LTspice is a powerful tool for simulating electronic circuits. It can perform simple simulations to verify the functionality of a new design. This tool also completes complex analyses such as worst-case analysis, frequency response, or noise analysis, among others, in a short time.

LTspice is also useful in simulating noise and filters. Filters are critical elements in a circuit for many applications. In particular, electromagnetic compatibility (EMC) filters are used to reduce noise and interference. To obtain accurate results in simulations, real-life circuit phenomena need to be taken into account. Parasitics play a key role in filtering since they can provoke the opposite effect and amplify noise.

In this article, we will review the different types of noise that are present in a circuit. We’ll then discuss how to perform an accurate simulation of an EMC filter with LTspice.

Common-Mode Noise and Differential Noise

Before designing an effective filter, we need to know what kinds of noise can be present in a circuit. The following is a simple circuit that will serve to explain the two types of noise. 

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The current generated by the voltage supply V1 will circulate through R1. It will then go back to the source (i.e. ground or the reference voltage).

In ideal conditions, the only current and voltage present in the circuit will be generated by the source V1. As shown below, the noise that follows the same direction as this current is called differential noise.

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There is a second situation in which common-mode noise appears. In this case, the direction of the noise current is opposite to the direction of the return current flowing from the load back to the source.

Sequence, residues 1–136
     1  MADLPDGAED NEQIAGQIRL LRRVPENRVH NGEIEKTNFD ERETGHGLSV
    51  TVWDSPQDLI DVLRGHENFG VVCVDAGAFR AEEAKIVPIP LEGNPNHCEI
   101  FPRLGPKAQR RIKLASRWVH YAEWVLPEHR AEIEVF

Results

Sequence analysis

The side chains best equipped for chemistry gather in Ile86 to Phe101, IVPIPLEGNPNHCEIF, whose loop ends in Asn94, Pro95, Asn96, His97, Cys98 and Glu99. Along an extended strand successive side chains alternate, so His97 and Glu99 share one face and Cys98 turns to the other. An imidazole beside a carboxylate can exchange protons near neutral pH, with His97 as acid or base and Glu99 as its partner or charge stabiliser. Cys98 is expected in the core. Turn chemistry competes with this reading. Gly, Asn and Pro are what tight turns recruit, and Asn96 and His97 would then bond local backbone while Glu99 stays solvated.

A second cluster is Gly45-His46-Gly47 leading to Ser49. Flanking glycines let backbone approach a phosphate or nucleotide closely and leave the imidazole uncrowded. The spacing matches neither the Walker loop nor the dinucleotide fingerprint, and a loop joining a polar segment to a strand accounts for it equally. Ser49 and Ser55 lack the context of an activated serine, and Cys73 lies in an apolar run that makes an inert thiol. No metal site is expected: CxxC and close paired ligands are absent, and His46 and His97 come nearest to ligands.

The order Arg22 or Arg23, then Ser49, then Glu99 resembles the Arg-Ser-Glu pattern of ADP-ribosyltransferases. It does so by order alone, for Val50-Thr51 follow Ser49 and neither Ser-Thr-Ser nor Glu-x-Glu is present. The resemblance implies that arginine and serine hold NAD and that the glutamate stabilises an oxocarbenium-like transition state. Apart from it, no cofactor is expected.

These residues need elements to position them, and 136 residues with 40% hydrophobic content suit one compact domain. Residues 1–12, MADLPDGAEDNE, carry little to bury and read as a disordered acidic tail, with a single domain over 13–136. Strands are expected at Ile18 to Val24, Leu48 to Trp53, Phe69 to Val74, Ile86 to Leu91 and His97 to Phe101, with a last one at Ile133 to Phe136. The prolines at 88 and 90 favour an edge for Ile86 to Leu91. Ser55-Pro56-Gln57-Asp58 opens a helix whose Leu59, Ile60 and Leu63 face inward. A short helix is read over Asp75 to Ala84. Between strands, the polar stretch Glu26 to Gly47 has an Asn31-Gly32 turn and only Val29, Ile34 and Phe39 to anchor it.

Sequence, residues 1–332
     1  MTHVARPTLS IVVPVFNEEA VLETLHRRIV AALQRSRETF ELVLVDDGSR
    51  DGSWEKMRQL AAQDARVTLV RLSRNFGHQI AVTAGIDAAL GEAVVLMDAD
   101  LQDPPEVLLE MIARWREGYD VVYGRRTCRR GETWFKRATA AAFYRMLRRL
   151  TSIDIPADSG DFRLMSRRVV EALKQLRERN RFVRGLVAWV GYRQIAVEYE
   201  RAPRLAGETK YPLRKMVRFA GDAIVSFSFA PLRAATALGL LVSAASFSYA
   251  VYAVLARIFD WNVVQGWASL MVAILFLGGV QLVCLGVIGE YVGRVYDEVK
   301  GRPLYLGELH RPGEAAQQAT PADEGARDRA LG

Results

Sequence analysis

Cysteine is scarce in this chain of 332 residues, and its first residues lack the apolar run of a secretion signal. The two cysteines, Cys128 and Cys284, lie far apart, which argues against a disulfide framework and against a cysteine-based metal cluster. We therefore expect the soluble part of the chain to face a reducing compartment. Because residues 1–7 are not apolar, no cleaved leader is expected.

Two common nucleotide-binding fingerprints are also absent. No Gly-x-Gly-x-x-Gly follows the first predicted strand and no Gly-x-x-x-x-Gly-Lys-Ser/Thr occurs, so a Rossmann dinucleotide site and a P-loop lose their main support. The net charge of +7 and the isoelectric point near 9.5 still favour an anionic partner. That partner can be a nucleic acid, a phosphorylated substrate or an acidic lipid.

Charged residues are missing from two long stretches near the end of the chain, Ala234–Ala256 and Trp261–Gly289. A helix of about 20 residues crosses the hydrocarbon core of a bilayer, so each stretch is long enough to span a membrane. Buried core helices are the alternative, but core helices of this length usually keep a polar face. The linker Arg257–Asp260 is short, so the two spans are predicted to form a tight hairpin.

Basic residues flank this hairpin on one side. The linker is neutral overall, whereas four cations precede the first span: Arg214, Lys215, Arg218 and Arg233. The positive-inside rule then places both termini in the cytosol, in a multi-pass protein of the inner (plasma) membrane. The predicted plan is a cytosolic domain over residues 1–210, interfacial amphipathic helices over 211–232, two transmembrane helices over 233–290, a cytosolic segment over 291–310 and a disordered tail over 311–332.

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To be effective against interference, filters need to account for both types of noise. The components selected and their location vary depending on the type of noise to attenuate.

Bode Plots in LTspice

One of the most interesting analyses that LTspice can perform is the frequency analysis, also known as AC analysis. We can see its capabilities with a simple low-pass filter.

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For an AC analysis, we need to define one AC source. Various parameters can be configured for a voltage source in LTspice, but amplitude is enough for our purposes. We’ll also configure four simulation parameters.

After running the simulation, we can plot the output level relative to the input, i.e., the filter transfer function. There are two lines: the continuous one corresponds to the magnitude response and the discontinuous one corresponds to the phase response. We can see that the filter response is essentially flat until it approaches the cut-off frequency:

\[f_c=\frac {1}{2\pi *R*C}=\frac {1}{2\pi*1000*10^{-6}}=159.15 Hz\]

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Simulating Noise and Filters in LTspice

It is important to clarify this aspect of LTspice. The software simulates noise that is intrinsic to components using the noise-type simulation. This type of simulation is suitable to verify the functionality of a circuit such as an analog filter. For EMC purposes, we need to simulate common-mode and differential-mode noise, so we can be sure that our filters are effective for filtering both noise types.

The following circuit is an EMC filter comprised of capacitors and a common-mode choke to attenuate common-mode noise (C4, C1, L3). It also includes two inductors and capacitors to attenuate the differential noise (L1, L2, C2, C3). 

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To simulate a protective earth (PE) or a chassis connection, we use a potential that is coupled through a very small capacitance to the regular ground or negative potential.